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Keeping you in-the-know on environmental, social and governance developments

The old saying goes “if you don’t like the weather around here, wait five minutes.” So it is with the anti-ESG movement – if you don’t like what you are hearing about it, wait a day or two. A sampling of articles from the past few days I found striking indicate that state anti-ESG policies:

  • are working because they cost BlackRock – the most targeted firm – lost business
  • aren’t working because BlackRock’s losses weren’t meaningful to the company
  • are working because Vanguard reaped benefits after leaving the Net Zero Asset Managers (NZAM)
  • may work as intended but cost taxpayers more than half a billion more in higher interest than would be incurred otherwise

Yes, it is confusing. Let’s start at the top.

BlackRock CEO Larry Fink said the firm lost about $4 billion in assets under management (AUM) as result of U.S. state anti-ESG laws. Keep in mind that is not fees/revenue, which are a much lower figure – although I couldn’t find how much that is. Florida pulled $2 billion in AUM from the firm, Texas Louisiana pulled $794 million, Missouri pulled $500 million, South Carolina pulled $200 million, Arkansas pulled $125 million and Utah $100 million. While Texas was a leader of this anti-ESG movement, I haven’t been able to determine how much – if any – Texas state assets have actually been withdrawn, especially given the exemption in the law for state pension funds.

Even so, as that same Reuters article states, $4 billion in AUM is meaningless in the grand scheme of BlackRock’s current $8.6 trillion under management – about 0.05%. Again, that figure doesn’t represent fees/revenue. Fink was quoted in ESGToday as saying:

“We lost about $4 billion of flows from various states, but in long-term flows last year we were awarded $400 billion. Just last year in the United States our clients entrusted us with an additional $230 billion. So you tell me.”

For BlackRock, it appears the whole thing was … a non-thing – certainly not enough of an impact for the firm to change its ways.

Turning to Vanguard, Bloomberg reported:

Vanguard Group, which quit the world’s biggest climate-finance alliance [the Net Zero Asset Managers, NZAM] in December, was the only major ETF provider to post an increase in European assets last year thanks to its lower exposure to environmental, social and governance strategies, according to Morningstar Inc.”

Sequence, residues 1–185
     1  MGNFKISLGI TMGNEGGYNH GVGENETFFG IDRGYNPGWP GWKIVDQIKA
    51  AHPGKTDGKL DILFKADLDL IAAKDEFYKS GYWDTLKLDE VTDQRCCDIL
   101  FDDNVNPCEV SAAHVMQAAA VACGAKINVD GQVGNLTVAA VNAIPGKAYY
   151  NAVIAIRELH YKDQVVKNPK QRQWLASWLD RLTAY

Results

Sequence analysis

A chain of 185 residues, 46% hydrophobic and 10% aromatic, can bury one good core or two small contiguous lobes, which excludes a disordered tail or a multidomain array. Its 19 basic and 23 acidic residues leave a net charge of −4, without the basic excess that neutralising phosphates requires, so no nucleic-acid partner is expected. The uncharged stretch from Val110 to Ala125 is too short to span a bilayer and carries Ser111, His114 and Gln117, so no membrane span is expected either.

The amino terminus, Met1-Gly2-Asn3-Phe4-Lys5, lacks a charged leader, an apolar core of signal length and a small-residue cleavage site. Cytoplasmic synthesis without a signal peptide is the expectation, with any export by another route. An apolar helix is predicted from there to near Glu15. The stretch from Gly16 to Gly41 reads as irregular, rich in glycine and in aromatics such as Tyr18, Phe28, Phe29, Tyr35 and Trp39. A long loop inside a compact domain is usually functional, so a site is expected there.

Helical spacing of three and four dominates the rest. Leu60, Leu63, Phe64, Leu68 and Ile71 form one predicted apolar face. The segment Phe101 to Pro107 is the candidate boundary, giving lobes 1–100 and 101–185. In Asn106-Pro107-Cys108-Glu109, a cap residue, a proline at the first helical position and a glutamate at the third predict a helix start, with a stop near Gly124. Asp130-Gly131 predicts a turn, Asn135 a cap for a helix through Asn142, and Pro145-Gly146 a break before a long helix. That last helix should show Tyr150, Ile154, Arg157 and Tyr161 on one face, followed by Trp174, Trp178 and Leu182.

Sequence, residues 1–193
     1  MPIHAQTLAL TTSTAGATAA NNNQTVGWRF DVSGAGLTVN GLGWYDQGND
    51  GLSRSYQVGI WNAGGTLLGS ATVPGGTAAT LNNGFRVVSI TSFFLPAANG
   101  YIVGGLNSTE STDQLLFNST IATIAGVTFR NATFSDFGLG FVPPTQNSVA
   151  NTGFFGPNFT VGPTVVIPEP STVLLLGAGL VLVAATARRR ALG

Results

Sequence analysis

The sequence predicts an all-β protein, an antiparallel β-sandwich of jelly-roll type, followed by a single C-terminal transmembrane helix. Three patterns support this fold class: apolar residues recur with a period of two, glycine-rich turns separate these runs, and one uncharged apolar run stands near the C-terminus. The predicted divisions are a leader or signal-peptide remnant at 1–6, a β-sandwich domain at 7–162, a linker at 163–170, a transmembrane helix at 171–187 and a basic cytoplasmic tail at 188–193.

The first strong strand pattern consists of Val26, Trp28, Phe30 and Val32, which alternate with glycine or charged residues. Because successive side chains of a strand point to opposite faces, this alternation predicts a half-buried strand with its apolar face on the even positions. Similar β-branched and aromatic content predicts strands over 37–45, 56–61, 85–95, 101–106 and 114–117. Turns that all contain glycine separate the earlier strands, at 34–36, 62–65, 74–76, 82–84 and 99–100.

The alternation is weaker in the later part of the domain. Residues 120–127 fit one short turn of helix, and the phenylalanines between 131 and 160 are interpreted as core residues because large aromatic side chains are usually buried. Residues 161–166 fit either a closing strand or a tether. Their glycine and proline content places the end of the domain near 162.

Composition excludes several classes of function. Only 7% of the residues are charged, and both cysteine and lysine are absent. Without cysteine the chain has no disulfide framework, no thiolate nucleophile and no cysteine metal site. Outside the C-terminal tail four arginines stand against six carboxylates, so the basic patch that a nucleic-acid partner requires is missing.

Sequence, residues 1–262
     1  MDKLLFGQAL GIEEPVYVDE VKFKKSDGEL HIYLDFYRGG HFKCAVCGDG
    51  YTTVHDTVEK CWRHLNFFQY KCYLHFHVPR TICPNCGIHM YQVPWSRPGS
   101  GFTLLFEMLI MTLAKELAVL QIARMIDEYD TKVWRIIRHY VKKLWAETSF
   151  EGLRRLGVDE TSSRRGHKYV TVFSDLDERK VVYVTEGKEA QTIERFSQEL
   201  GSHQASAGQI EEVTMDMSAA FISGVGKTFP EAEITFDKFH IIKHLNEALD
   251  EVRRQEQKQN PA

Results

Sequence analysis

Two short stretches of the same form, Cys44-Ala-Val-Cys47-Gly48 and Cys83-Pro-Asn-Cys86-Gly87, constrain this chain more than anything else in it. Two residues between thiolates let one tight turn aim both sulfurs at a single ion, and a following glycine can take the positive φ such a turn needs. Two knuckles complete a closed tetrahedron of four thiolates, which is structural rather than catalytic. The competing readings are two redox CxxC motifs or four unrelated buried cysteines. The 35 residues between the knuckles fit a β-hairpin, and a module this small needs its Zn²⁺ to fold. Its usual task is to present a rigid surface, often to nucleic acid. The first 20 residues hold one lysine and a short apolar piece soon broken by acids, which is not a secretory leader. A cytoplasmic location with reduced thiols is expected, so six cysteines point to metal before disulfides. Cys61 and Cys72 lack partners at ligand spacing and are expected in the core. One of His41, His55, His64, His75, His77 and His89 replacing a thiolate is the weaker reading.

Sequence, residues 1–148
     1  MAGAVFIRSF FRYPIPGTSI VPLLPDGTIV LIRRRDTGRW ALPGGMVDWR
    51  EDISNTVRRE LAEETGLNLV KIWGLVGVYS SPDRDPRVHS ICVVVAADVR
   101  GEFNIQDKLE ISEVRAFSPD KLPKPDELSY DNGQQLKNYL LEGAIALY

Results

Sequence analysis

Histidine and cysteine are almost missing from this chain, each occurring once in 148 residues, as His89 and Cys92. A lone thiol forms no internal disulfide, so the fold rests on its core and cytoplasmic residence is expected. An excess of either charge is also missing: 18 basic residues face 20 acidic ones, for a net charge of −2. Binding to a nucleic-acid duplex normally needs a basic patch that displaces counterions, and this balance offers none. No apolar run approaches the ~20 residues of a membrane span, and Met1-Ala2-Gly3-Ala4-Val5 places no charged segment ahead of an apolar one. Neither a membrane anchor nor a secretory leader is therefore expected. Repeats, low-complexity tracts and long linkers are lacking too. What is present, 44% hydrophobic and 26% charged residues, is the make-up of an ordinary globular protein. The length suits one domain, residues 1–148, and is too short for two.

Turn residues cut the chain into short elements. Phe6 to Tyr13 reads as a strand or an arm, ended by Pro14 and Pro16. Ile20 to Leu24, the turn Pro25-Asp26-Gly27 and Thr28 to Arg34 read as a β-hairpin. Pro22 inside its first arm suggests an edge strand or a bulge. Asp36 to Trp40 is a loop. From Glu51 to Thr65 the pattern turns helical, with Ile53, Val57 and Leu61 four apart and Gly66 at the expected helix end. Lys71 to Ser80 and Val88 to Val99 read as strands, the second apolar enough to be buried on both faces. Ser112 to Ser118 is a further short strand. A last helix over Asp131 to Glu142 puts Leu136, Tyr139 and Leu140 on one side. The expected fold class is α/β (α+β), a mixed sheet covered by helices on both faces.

Granted, according to Morningstar, BlackRock’s iShares AUM in Europe “are more than seven times the size of Vanguard’s ETFs” so in gross terms perhaps this is not quite as impressive as it may seem. However, it is the context that I think is important.

Finally, The Hill wrote

“State-level efforts to penalize companies for use of environmental, social or governance (ESG) goals in investments could cost taxpayers over $708 million, according to a study published by the nonprofit Sunrise Project

In the study, researchers analyzed a Wharton School of Business paper on Texas’s anti-ESG law, which linked the state law to $532 million in higher interest payments on municipal bonds. Sunrise Project analysts extrapolated this to six other states – Florida, Kentucky, Louisiana, Missouri, Oklahoma and West Virginia – and estimated the same impacts would cost taxpayers a total of $708 million …”

The whole thing reminds me of this line of questions, answers and results.

What This Means

In my opinion, the anti-ESG effort is simply noise. Operating companies should not anticipate significant investor pressure to change direction or pull back on ESG programs. Financial services firms likewise should not fear their ESG initiatives regardless of political saber-rattling. I also suggest caution in thinking that anti-ESG investments are actually what they claim. The poster child of such funds – Strive Asset Management’s DRLL fund – paradoxically scored “a perfect 10” in one ESG assessment. Go figure.

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The Editor

Lawrence Heim has been practicing in the field of ESG management for almost 40 years. He began his career as a legal assistant in the Environmental Practice of Vinson & Elkins working for a partner who is nationally recognized and an adjunct professor of environmental law at the University of Texas Law School. He moved into technical environmental consulting with ENSR Consulting & Engineering at the height of environmental regulatory development, working across a range of disciplines. He was one… View Profile